1. It has access to a large number of datasets including Tesnor2Tesnor and Tensorflow datasets. The data streams in Trax are represented as Python iterators, here’s the code to import the TFDS IMDb reviews dataset using trax.data:
 train_stream = trax.data.TFDS('imdb_reviews', keys=('text', 'label'), train=True)()
 eval_stream = trax.data.TFDS('imdb_reviews', keys=('text', 'label'), train=False)() 
  1. You can train supervised and reinforcement learning models in Trax using trax.supervised.training and trax.rl respectively. Here’s an example of training a supervised learning model:
 from trax.supervised import training

 # Training task
 train_task = training.TrainTask(

 # Evaluaton task
 eval_task = training.EvalTask(
     metrics=[tl.WeightedCategoryCrossEntropy(), tl.WeightedCategoryAccuracy()],
     n_eval_batches=20  # For less variance in eval numbers.

 # Training loop saves checkpoints to output_dir.
 output_dir = os.path.expanduser('~/output_dir/')
 !rm -rf {output_dir}
 training_loop = training.Loop(model,

 # Run 2000 steps (batches).
Training log

After training, the models can be run like any function:

 example_input = next(eval_batches_stream)[0][0]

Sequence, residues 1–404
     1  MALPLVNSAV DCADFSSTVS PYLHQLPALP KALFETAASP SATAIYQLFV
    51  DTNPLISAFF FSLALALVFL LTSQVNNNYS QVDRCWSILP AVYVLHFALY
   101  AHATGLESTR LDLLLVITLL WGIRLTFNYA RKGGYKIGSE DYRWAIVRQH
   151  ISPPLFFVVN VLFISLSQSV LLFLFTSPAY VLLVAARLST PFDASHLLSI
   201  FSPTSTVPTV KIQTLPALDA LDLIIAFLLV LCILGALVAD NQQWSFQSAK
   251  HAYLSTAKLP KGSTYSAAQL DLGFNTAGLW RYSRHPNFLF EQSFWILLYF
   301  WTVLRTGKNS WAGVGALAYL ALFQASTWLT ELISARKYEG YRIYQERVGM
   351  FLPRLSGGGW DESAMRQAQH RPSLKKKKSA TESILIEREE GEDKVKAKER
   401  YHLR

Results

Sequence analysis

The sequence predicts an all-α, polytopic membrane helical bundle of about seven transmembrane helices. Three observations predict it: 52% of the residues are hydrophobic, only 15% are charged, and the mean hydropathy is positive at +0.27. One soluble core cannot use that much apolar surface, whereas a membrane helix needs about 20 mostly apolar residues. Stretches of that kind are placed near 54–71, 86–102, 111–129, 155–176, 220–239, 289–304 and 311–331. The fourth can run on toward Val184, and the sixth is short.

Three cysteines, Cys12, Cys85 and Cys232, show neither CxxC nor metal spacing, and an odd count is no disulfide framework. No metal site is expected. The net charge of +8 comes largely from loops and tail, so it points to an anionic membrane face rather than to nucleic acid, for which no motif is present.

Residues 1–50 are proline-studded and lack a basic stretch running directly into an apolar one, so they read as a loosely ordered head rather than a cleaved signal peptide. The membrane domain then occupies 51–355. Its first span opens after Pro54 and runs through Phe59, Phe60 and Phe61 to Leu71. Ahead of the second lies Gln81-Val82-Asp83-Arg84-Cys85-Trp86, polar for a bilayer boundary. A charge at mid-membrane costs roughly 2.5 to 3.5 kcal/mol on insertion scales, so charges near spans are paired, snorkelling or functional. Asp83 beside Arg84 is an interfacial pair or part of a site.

example_input_str = trax.data.detokenize(example_input, vocab_file='en_8k.subword')
 print(f'example input_str: {example_input_str}')
 sentiment_log_probs = model(example_input[None, :])  # Add batch dimension.
 print(f'Model returned sentiment probabilities: {np.exp(sentiment_log_probs)}') 
  1. Running a pre-trained transformer-based English-German translation model:

A Transformer model is created with trax.models.Transformer, and initialized using model.init_from_file. The input is tokenized with trax.data.tokenize and passed to the model. The output from the Transformer model is decoded using trax.supervised.decoding.autoregressive_sample, and finally de-tokenized with trax.data.detokenize.

 # Create a Transformer model.
 # Pre-trained model config in gs://trax-ml/models/translation/ende_wmt32k.gin
 model = trax.models.Transformer(
     d_model=512, d_ff=2048,
     n_heads=8, n_encoder_layers=6, n_decoder_layers=6,
     max_len=2048, mode='predict')
 # Initialize using pre-trained weights.

 # Tokenize a sentence.
 sentence = 'It is nice to learn new things today!'
 tokenized = list(trax.data.tokenize(iter([sentence]),  # Operates on streams.

 # Decode from the Transformer.
 tokenized = tokenized[None, :]  # Add batch dimension.
 tokenized_translation = trax.supervised.decoding.autoregressive_sample(
     model, tokenized, temperature=0.0)  # Higher temperature: more diverse results.

 # De-tokenize,
 tokenized_translation = tokenized_translation[0][:-1]  # Remove batch and EOS.
 translation = trax.data.detokenize(tokenized_translation,
Output of the transformer-based translation model created in Trax

Last Epoch (Endnote)

This post briefly introduced Trax and went through the intention behind its development and some of its advantages. We also illustrated its simple high-level syntax for various tasks involved in a deep learning pipeline. For more information, codes, and examples see:

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Aditya Singh
A machine learning enthusiast with a knack for finding patterns. In my free time, I like to delve into the world of non-fiction books and video essays.